A diagnosis of cancer is terrifying and something that around 1.4 million of us can expect to hear this year. More frightening is that in recent years cancer beat heart disease as the number one killer in this country. There is good news on the horizon. Increased education about cancer prevention has caused the number of U.S. lives lost to cancer to fall by 2.1 % each year between 2002 and 2004 — almost twice the 1.1% annual rate of decline noted between 1993 and 2002.
But statistics can only be so comforting, especially since overcoming cancer is ultimately about the numbers – will you be in the percentage that will beat the disease? For how long?
Fortunately, medical experts are realizing that cancer doctors need to be taught that helping a person deal with cancer is not just about the appropriate treatment regimen or medicines. The Institute of Medicine has released a report calling on oncologists to identify and help patients through the emotional side of fighting the disease: the psychological and social problems that if not addressed can cause the patient to feel overwhelmed and not take timely action.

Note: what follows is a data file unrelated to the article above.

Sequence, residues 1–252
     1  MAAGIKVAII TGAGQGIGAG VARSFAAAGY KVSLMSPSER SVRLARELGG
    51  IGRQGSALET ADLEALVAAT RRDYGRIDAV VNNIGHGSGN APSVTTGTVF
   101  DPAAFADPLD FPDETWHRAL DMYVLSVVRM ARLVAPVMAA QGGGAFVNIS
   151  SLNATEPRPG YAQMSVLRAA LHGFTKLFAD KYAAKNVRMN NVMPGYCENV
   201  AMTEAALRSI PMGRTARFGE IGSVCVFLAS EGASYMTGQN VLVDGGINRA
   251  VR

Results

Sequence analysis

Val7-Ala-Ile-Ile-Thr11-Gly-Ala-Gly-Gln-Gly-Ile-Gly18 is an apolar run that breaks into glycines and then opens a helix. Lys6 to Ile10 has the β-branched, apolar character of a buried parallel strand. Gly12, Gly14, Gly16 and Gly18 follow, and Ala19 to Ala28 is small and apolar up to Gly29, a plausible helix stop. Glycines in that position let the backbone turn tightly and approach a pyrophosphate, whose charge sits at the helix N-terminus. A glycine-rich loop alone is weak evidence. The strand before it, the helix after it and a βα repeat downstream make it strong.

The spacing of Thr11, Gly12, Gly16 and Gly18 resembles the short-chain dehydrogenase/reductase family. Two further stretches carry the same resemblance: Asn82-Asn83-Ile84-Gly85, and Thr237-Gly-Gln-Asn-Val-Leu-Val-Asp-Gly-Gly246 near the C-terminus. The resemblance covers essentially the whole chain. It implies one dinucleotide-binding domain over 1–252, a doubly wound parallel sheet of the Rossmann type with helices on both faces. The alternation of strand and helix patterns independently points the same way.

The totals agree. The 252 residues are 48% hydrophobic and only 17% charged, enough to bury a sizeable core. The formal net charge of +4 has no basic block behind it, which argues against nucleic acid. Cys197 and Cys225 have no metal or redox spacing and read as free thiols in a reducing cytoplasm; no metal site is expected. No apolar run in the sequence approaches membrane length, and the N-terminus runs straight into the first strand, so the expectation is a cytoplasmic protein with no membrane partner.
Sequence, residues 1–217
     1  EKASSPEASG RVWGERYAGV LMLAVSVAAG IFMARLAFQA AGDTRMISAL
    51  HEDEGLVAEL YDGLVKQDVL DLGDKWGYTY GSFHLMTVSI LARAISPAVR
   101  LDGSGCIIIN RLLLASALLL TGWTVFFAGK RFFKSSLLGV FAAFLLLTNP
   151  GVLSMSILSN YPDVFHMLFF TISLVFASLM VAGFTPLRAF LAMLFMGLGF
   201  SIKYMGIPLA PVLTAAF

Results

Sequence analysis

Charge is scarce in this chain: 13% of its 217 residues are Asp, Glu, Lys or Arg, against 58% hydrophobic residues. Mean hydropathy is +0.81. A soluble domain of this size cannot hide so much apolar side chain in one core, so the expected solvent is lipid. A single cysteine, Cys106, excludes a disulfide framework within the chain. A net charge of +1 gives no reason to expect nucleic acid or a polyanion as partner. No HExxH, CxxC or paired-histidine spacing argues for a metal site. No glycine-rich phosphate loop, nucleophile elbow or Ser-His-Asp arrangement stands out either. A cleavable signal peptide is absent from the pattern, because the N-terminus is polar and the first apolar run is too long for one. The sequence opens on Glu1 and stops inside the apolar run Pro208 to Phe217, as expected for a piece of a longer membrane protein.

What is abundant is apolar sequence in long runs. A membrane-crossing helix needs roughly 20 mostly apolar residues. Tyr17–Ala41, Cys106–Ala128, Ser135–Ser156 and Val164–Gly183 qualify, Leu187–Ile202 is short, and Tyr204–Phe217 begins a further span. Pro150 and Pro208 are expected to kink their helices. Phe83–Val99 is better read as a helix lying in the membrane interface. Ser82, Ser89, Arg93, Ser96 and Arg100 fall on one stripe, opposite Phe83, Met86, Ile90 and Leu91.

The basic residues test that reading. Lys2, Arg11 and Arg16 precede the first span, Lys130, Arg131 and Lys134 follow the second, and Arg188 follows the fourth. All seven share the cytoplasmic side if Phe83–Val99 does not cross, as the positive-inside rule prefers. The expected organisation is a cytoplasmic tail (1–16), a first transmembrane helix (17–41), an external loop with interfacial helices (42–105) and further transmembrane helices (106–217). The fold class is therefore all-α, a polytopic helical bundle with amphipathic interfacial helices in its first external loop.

For more on this:
NEW STANDARD CALLS FOR “WHOLE” CANCER CARE
by Kathleen Fackelmann
October 23, 2007